ConGRADulations, you're in £50k worth of debt

Updated: Aug 22, 2020

WTF is this blog about?

  • If you're lucky enough to have attended university after 1st September 2012 (or you're planning on going in the future) you're likely to have graduated with almost £50k worth of debt under your belt #conGRADulations!

  • Getting your head around how you're going to pay off your student loan can be pretty scary - but this blog should help put your mind at rest.

  • Note that the information contained within this blog is in respect of Plan 2 student loans only (i.e. a student loan that was taken out after September 2012 in England or Wales).

I graduated from uni in 2017 and moved to London shortly after once I'd managed to secure myself a grad job - I was officially #livingmybestlife. Until I received my first student finance statement, which showed that in my first year of working the amount of loan I'd paid off didn't even cover the interest charged (WARNING: you may find the image below disturbing).

Like most people my age, I've been saving my #hardearnedcash for a house deposit. But seeing this statement made me think twice; should I be using these savings to pay off my student debt first!?

How much debt did I rack up at uni?

When I attended university between 2014-2017 (f@*k me, when did I get so old!?); the total amount I borrowed was £42k. This consisted of:

  • Tuition fees: £9k per year

  • Maintenance loan: around £5k per year (which, FYI, was not enough to survive off!)

Due to interest (which is charged at RPI inflation plus 3% whilst you're studying), this had quickly risen to £47k by the time I started paying off my loan in April 2018.

How much will I have to repay?

Calculating how much you'll have to repay is pretty complicated, since it's based on how much you'll earn rather than how much you've borrowed. As it stands, the facts are:

  1. The interest charged on your loan depends on how much you earn, which ranges between RPI inflation and RPI inflation plus 3%.

  2. You don't pay anything until you start earning above £25k per year.

  3. If/when you start earning more than £25,000 per year, you pay 9% on the excess i.e. if you earn £40k per year, you'll pay 9% of £15k (the amount you earn above £25k).

  4. Any remaining student debt is wiped off after 30 years.

Should I pay my student loan off early?

After hours of research, I've concluded that there's no simple answer to this. To answer this question, you'll need to know exactly how much money you're going to earn over the next 30 years, which, unless you're psychic, is pretty hard to guarantee.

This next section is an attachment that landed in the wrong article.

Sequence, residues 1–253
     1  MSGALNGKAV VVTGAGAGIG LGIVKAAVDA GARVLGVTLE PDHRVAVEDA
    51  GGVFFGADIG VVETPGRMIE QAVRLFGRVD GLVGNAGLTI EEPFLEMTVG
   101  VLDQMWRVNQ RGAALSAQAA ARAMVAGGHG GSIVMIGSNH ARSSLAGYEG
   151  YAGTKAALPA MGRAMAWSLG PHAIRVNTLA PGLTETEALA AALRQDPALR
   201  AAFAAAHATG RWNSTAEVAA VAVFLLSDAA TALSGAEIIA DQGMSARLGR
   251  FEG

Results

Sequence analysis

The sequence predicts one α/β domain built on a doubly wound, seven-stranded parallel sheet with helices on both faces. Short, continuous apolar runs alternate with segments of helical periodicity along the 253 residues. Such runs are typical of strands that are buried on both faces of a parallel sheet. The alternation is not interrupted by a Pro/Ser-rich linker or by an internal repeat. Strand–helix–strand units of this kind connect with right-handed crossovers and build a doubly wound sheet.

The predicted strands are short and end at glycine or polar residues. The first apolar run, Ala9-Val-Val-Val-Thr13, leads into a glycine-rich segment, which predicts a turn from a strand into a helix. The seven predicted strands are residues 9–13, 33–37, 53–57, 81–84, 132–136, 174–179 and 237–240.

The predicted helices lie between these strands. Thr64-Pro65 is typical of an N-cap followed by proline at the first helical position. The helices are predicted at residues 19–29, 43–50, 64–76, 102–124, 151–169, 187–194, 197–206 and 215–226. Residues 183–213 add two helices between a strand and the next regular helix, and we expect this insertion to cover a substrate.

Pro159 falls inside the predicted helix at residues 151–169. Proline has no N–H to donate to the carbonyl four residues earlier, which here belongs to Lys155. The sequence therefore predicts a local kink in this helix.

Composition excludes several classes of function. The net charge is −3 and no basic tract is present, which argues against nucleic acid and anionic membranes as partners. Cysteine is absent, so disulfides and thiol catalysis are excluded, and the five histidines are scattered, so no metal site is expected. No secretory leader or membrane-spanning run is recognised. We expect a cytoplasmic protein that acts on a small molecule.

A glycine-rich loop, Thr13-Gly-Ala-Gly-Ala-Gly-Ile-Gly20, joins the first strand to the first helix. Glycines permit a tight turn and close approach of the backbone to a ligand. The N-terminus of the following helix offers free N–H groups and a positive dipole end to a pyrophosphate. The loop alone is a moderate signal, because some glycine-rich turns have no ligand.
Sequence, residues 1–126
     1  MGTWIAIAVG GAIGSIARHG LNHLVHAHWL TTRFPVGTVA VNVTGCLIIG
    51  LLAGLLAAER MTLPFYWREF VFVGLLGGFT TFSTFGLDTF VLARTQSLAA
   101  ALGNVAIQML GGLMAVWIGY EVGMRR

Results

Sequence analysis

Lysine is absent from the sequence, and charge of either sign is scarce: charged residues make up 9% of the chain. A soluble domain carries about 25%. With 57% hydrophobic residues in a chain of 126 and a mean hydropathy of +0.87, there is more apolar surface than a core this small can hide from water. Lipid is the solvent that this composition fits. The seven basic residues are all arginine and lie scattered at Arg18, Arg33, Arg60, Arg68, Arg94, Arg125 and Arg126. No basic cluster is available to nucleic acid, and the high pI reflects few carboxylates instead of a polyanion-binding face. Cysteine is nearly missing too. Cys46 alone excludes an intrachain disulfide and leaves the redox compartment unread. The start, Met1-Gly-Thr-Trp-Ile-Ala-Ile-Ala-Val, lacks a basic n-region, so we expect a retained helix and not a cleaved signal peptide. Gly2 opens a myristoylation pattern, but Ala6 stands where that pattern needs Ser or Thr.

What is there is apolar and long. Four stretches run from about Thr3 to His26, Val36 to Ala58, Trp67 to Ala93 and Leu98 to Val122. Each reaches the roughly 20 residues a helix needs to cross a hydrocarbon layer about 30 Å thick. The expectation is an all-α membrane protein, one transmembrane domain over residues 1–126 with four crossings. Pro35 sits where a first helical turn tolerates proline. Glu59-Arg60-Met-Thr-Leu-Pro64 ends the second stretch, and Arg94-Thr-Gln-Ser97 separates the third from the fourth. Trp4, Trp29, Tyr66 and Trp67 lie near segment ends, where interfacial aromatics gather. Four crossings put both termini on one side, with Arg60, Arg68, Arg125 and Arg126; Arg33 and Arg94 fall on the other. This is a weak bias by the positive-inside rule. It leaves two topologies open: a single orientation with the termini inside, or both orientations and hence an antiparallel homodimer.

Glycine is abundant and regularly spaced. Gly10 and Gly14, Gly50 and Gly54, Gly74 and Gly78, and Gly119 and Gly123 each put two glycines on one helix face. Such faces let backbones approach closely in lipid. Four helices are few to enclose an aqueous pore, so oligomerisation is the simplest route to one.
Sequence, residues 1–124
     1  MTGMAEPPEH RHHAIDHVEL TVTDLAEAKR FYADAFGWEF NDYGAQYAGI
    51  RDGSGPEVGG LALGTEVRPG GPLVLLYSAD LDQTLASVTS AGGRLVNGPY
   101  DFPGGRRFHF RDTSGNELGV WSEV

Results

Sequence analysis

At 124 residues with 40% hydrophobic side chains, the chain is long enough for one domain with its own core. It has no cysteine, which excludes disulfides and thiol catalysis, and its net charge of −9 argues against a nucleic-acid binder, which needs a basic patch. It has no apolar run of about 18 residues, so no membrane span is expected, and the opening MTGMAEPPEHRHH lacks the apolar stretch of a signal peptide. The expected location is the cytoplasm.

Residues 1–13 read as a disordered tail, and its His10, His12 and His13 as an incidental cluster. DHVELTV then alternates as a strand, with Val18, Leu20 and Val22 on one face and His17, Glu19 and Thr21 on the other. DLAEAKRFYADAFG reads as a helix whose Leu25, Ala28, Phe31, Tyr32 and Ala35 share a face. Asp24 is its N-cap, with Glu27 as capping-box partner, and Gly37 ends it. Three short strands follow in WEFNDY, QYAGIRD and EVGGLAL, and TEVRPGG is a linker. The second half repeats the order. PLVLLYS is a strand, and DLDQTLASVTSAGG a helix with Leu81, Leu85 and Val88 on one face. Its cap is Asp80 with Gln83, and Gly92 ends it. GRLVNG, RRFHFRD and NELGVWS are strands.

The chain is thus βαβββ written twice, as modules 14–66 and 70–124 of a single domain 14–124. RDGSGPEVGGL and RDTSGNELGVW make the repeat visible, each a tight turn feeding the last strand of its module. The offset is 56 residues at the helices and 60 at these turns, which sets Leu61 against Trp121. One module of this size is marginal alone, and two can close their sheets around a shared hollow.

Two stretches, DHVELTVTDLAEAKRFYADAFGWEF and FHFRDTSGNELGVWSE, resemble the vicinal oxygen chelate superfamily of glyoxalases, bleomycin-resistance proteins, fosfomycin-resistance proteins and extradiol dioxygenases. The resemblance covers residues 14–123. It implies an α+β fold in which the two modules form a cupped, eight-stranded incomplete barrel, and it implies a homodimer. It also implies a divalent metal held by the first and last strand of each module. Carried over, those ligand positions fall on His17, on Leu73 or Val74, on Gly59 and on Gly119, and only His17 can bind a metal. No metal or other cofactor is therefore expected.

You'd also have to take into account any career breaks i.e. if you take time out of work to travel/raise children/have a mid-life crisis, you won't be earning and hence won't be paying your loan off during this time.

Money Saving Expert, Martin Lewis, has created a table that tells you roughly how much you can expect to pay off depending on your starting salary and anticipated salary increases. This is based on very rough assumptions (see below), but is a good starting point for working out how much you could pay back.

  • Tuition fees and maintenance loan of £9,250 and £8,944 per year respectively (£54,582 in total).

  • RPI inflation of 3% per year.

  • Salary increases of inflation plus 2% per year.

(i) Assumes student loan repayment threshold goes up in line with our assumption of average salary increase.

So what?

Calculating how much of your student loan you'll end up paying off and whether you should pay it off early is very complicated, because it's based on your future earnings, changes to inflation, the Government deciding to change the rules etc. But, using the table above as a rough guide, it's clear that unless you're an above average earner (with a starting salary of over £30k, increasing to over £130k in 30-years' time) and in constant employment for the next 30 years, you'll end up paying back less than you originally borrowed - so basically you shouldn't attempt to pay it off early.

It's also important to remember that student debt isn't the same as normal debt - you won't have to pay anything while you're out of work and it won't affect your credit score. This is why Martin Lewis is campaigning for student debt to be referred to as 'graduate contributions'; since it's essentially a 9% tax that we have to pay for the next 30 years for the privilege of having a degree.

If you want to find out more about student loans, I would recommend checking out the Money Saving Expect article here.

If you know any graduates or anyone going off to uni soon, please share this blog with them!

Now for the serious part: my blogs are for educational purposes only; they do not constitute financial advice. Please consult with an independent financial advisor for advice on your specific circumstances. 

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